"Every pet is a little tragedy waiting to happen"
We lost Little Big Dog today. She was just a few months short of being 7 years old. She developed a serious case of AIHA (also called IMHA), an autoimmune disease in which her body's immune system attacked her own red blood cells. She wasn't getting oxygen to her body, and the waste wasn't flushing out. The vet told us her chances of surviving were very slim, and she was suffering, so we decided to have her put down.
I remember the day we got her. We had just recently moved into an apartment after months struggling to get on our feet following our move back to Oregon. We'd talked about a dog for years, but our income and living situation had not allowed it. We were for the first time in almost 2 years both gainfully employed, and living in a place that allowed pets. It was tax season, and we had a modest refund coming. TFR began searching the paper for ads, and one day she called me at work. A family living in Elmira had a litter of Lhasa Apso puppies, and was only asking $250 for them. She was headed over there to look, and would call me back. She did, informing me that she had found a pup she liked, and wanted to pick me up after work and take me out there to see it. On our way out, I made it clear that we would LOOK at the dog, but that we would not buy until we had discussed it.
Well, that didn't last long. We got to the farmhouse, and the woman put this tiny puppy in my hands. I took one look at the dog, one at my wife, one more at the dog, and got out my check book.
Her breed wasn't supposed to like kids, but she was potty trained while living in an apartment complex, and every time we took her out, the kids would gather round, and she adored kids her whole life. In fact, she got along with just about everyone, except select other dogs -- especially Onyx, her nemesis, a black mutt who gets walked past here regularly. She was more aggressive the bigger the dog. In fact, the only thing that really scared her was... I kid you not... houseflies. She would hide from them under our legs and tremble. She hated being on a leash, loved the outdoors, but seldom got to go off a leash, because she didn't get along with other dogs at the dog park.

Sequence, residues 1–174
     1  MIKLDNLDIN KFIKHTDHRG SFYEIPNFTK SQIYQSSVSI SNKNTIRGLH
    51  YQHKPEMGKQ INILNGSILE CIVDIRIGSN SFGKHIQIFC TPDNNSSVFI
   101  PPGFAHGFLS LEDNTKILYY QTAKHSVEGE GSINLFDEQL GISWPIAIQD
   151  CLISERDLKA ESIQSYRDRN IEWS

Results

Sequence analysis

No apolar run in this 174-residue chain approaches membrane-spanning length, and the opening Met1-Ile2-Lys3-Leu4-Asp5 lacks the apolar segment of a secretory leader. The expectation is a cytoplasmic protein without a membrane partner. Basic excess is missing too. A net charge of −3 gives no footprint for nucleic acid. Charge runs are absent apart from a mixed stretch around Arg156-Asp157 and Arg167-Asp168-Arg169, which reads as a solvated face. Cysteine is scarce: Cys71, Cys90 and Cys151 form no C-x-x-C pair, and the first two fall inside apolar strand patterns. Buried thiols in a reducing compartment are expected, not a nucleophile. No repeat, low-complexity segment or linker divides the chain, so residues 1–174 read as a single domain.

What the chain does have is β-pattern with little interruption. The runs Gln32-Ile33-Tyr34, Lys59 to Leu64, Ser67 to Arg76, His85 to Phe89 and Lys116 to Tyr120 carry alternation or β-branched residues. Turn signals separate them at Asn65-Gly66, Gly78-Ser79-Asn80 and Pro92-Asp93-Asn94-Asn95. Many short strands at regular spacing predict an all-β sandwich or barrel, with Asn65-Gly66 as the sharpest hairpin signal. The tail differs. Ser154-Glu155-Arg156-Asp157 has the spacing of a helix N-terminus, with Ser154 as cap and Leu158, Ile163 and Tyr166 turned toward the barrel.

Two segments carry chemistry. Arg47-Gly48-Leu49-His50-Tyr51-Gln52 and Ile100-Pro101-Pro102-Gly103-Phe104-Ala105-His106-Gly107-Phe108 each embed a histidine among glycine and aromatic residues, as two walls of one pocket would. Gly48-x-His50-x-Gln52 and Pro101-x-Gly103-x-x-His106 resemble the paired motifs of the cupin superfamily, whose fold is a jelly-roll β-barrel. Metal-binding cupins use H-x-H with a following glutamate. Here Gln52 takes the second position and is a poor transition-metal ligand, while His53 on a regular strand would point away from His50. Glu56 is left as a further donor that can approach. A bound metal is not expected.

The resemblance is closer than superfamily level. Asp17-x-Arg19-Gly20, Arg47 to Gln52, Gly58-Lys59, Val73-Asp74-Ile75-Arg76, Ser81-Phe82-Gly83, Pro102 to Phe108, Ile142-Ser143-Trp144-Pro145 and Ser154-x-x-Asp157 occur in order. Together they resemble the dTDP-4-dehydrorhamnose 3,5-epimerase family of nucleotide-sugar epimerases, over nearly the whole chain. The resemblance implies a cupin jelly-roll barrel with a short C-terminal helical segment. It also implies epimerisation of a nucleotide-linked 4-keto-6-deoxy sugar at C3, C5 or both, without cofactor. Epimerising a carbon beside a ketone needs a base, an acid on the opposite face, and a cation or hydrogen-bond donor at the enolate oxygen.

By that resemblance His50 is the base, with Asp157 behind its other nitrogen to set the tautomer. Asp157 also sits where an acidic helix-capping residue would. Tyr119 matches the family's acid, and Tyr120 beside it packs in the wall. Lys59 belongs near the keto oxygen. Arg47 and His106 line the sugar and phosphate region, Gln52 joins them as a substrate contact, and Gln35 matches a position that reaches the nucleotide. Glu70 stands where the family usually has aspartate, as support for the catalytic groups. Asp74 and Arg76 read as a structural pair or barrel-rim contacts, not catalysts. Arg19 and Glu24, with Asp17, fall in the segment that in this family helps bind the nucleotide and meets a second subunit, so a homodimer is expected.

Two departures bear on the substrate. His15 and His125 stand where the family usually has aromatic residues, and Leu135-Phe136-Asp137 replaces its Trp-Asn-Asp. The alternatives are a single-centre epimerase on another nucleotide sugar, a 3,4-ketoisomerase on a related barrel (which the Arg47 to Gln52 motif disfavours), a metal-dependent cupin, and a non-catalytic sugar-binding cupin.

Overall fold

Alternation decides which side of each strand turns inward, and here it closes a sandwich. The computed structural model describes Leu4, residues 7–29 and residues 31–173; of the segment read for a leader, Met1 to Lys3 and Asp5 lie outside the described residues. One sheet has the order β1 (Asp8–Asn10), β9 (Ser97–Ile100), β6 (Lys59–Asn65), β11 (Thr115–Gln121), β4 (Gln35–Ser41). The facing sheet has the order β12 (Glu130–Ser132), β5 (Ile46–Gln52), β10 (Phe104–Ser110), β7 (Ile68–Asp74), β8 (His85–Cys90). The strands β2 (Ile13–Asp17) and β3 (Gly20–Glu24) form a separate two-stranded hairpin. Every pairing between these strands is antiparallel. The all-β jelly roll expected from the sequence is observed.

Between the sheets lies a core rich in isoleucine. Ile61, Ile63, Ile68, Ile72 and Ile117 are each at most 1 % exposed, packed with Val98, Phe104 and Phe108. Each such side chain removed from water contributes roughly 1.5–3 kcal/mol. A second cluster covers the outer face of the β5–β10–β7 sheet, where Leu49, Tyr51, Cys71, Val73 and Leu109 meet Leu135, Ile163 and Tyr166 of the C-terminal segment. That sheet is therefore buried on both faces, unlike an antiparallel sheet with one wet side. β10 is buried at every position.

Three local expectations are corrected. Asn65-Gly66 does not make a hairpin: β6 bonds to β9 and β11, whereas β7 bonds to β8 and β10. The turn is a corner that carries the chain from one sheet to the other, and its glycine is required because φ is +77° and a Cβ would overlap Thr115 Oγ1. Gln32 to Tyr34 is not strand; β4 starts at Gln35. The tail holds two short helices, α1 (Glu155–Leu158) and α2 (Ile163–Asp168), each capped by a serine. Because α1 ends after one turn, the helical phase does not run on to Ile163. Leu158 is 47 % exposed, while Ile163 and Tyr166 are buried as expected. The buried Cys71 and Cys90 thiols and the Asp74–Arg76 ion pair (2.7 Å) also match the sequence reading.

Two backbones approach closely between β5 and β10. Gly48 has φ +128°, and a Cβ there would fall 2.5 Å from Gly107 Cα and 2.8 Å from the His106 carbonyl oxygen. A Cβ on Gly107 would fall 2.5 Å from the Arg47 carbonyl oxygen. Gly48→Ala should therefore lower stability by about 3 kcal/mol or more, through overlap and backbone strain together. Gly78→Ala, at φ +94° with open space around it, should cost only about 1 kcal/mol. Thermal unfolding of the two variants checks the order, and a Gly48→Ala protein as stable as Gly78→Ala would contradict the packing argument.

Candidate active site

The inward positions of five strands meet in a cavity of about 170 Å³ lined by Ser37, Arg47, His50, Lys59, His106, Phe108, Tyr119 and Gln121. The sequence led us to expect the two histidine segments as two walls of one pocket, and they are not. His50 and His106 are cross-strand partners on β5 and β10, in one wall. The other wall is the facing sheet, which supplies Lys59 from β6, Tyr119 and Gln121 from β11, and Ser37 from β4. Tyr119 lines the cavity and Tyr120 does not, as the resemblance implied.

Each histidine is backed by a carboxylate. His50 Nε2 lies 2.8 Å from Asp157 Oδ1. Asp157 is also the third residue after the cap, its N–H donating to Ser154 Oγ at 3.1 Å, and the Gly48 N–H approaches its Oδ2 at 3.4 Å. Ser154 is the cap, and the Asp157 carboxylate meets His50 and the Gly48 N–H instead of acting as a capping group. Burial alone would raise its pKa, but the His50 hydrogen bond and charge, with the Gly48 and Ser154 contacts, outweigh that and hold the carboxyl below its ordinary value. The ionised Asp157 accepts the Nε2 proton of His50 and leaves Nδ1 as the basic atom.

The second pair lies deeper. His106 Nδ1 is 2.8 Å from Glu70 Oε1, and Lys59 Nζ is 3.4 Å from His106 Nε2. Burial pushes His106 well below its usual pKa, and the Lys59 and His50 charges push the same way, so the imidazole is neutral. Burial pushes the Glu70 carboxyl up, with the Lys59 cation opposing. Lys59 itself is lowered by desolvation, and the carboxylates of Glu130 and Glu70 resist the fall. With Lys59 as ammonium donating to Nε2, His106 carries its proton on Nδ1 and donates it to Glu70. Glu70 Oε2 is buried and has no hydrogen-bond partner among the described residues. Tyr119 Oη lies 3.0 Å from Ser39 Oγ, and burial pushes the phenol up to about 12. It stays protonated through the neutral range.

She never acted like a small dog -- she was feisty and loved to play rough, loved to chase balls, liked to try to carry sticks that weighed almost as much as her. She was the best dog I ever had. She was loyal, obedient (usually) and affectionate. She was also very good with The Lad -- she put up with a lot of harassment from him, and they developed an almost sibling-like relationship. She loved him. Even today, as she lay helpless in my lap, waiting for him and TFR to return from his daycare so he could say goodbye, just the sound of his name perked her up momentarily.
We stayed with her until the end. It was one of the hardest things I've ever done in my life, but it was the right thing to do. She'd given us almost 7 years of unconditional love, the least we could do was end her suffering and comfort her during her passing. It took just a few seconds... one last sigh and she went to sleep forever.
Goodbye, Miko. Run free in Heavens fields -- no more leash for you.